A Fresh Take on the Education DaaS
We set up a 10-person internal team within UMUC. Given broad freedom on how to approach the challenge, we developed a set of “user stories” to guide the development process and ensure we were creating a system that worked for instructors, students, and administrators. For infrastructure, we leveraged the Amazon Web Services (AWS) Cloud and Amazon WorkSpaces, a cloud-based desktop computing service. Six months from the original concept, we launched.
We’ve completed integrating Amazon WorkSpaces into the student’s online classroom. With just one click, they can access it alongside their syllabi, calendars, and course evaluations. The system has allowed us to do things for our students that weren’t possible previously. For example, we developed Lab Broker a tool that allows our cybersecurity students to spin up multiple virtual machines with vulnerabilities and then test their cyber skills on those machines. Without Amazon WorkSpaces, it would have been very difficult to deliver both the scalability and reliability Lab Broker demands.
Since its official launch in September 2016, more than 6,500 UMUC students have been using the new system. From September 2016 through January 2017, we recorded more than 340,000 hours of student usage, with the average monthly student usage hours increasing almost 400 percent. By Fall 2017, we expect to have more than 10,000 Amazon WorkSpaces in use during the semester, a number and scale not achievable with our legacy system.
Universities Are Places of Learning, Even for Us
By all measures, the platform has been a huge success. Students and instructors alike have praised the platform as “transformational,” “fantastic and easy to use,” and having a “material impact on how our students learn.”
Like any major endeavor, there were some valuable lessons learned.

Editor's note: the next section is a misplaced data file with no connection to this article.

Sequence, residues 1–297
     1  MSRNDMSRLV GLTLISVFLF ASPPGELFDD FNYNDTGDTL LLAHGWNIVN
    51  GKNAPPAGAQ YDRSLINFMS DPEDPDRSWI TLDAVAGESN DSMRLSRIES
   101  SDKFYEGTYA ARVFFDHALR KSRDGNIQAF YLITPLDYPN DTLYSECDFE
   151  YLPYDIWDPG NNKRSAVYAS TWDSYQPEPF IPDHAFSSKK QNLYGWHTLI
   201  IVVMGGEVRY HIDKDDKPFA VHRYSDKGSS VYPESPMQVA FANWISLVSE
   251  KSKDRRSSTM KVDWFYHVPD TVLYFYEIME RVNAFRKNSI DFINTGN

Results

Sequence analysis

To other universities looking to solve a similar challenge, the first piece of advice I have is to keep your teams small. We were able to achieve soup-to-nuts deployment in three months because we only involved the right people. This allowed us to be more agile and collaborative.
The second is to go into a project with a set of requirements driven by your end customer. Think about what is possible, not what is available.
Also, keep the lines of communication open. Critical to this initiative was ensuring continued engagement and input from stakeholders, including university departments, individual instructors, staff, students, and technology collaborators like AWS. Understanding what students need and what would be possible is crucial.
Roughly six months ago, our legacy system required individual log-ins for each course’s desktop environment. Work and tools students gained in one course were not transferable to courses in subsequent semesters, and students were limited by physical requirements of the computers they were using. Furthermore, we had significant scalability and stability challenges.
Today, our new system has none of these problems. Students can now access a single computing environment for all their classes via web browser with no software installation required. Student work also stays with the student for the duration of enrollment and we are able to effortlessly scale based on demand.
Our team is proud that we not only made a difference in our student’s educational lives but we also developed a system that will prove to be an invaluable asset and investment for UMUC in the long term. I definitely encourage other institutions to explore similar paths.
When you take the time to imagine what is possible and put your students first, everyone wins.